On January 21, 2021, the Florida Supreme Court unanimously affirmed the long-standing principle in Florida that extra-contractual and consequential damages are not available to an insured who has not brought a "bad faith" action against their insurer. Instead, when an insured has only alleged that an insured has breached the terms of the policy, the insured is only entitled to recover the "amount owed pursuant to the express terms and conditions of the policy." As a consequence of its decision, the Supreme Court rejected the lower appellate court's finding that an insured could seek "consequential damages" for its lost rents even when the policy did not provide coverage for lost rental income so long as such those damages were "contemplated" or foreseen at the time the policy was issued.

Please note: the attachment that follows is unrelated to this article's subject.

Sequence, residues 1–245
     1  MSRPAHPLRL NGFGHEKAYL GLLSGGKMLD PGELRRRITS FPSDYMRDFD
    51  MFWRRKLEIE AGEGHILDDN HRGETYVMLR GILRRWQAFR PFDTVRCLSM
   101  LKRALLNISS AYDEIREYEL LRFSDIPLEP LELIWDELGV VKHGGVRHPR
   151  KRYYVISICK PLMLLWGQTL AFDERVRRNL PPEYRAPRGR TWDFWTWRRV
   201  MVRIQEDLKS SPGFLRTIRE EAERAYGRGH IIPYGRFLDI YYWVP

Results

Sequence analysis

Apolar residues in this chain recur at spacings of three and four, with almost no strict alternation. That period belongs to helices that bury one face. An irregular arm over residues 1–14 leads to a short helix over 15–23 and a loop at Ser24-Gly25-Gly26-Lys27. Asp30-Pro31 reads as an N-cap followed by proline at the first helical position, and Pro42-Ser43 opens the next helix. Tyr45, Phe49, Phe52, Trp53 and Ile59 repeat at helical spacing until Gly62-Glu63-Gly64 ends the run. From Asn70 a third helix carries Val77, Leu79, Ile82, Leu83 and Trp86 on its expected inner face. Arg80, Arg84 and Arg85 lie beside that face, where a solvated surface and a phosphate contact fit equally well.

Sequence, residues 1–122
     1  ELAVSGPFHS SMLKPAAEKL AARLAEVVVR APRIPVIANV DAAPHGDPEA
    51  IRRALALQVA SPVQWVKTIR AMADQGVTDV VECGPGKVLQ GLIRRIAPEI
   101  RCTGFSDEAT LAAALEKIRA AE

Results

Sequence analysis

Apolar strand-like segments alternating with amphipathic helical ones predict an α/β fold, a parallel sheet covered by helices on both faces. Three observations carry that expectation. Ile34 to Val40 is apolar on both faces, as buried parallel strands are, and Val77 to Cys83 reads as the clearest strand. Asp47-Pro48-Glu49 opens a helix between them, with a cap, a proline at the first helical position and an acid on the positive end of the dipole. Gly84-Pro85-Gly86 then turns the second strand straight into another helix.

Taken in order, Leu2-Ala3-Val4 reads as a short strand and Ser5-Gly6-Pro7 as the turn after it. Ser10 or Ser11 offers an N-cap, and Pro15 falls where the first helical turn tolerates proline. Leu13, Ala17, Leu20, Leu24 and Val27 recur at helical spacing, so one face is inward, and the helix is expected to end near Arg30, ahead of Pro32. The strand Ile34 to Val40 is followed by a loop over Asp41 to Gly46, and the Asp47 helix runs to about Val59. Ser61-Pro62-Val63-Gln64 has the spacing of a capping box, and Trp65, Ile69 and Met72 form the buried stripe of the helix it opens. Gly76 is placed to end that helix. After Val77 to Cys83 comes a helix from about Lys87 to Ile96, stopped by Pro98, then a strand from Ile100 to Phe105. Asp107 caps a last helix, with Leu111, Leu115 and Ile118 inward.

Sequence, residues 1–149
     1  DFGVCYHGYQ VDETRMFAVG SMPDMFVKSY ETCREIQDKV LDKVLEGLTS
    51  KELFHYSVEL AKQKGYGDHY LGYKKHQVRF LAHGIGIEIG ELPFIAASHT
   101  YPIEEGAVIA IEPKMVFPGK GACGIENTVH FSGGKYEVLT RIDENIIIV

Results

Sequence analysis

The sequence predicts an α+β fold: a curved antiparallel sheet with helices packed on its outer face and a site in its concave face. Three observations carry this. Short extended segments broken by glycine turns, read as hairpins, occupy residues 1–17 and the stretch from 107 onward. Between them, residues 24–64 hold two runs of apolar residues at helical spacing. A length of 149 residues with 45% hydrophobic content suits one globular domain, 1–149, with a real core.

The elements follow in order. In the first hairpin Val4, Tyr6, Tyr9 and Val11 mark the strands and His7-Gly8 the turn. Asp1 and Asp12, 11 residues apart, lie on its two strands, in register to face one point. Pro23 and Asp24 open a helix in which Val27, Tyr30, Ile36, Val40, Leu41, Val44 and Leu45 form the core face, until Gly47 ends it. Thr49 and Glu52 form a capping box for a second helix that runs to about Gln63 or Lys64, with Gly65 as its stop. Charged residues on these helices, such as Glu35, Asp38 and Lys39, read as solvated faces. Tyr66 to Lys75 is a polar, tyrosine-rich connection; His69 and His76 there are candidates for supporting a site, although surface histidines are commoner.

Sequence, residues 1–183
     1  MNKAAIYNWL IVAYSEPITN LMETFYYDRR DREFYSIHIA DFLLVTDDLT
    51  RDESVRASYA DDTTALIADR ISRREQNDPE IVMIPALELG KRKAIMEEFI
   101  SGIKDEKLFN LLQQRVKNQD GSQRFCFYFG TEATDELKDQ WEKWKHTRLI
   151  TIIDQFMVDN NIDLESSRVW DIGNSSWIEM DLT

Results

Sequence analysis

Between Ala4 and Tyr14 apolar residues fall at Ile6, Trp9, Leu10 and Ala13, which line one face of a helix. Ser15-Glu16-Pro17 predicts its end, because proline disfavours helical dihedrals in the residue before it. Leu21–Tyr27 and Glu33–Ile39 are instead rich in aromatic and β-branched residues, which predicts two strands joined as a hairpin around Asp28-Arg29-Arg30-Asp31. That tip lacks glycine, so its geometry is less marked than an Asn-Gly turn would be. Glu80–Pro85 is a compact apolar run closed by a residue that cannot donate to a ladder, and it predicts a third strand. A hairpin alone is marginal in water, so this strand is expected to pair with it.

The Supreme Court found disfavor with this reasoning from the lower court, explicitly stating that the parties "must rely on what they actually have pursuant to the express terms" of the insurance policy. This decision is important because the Court took time to clarify one of the central tenants of first-party insurance law in the State of Florida, namely that an insured in a breach of contract action is limited in seeking only those damages that are set forth in the policy. An insured can still seek extra-contractual or consequential damages in a later, separate "bad faith" action against the insurer, however it is now certain they cannot do so when they have only sued their insurer for breach of the insurance policy. While of course further challenges and attempts to distinguish this opinion are possible, this decision should serve to quell the groundswell of insureds seeking damages outside of the policy where those insureds have not sued their insurer pursuant to Florida's "bad faith" statutory framework.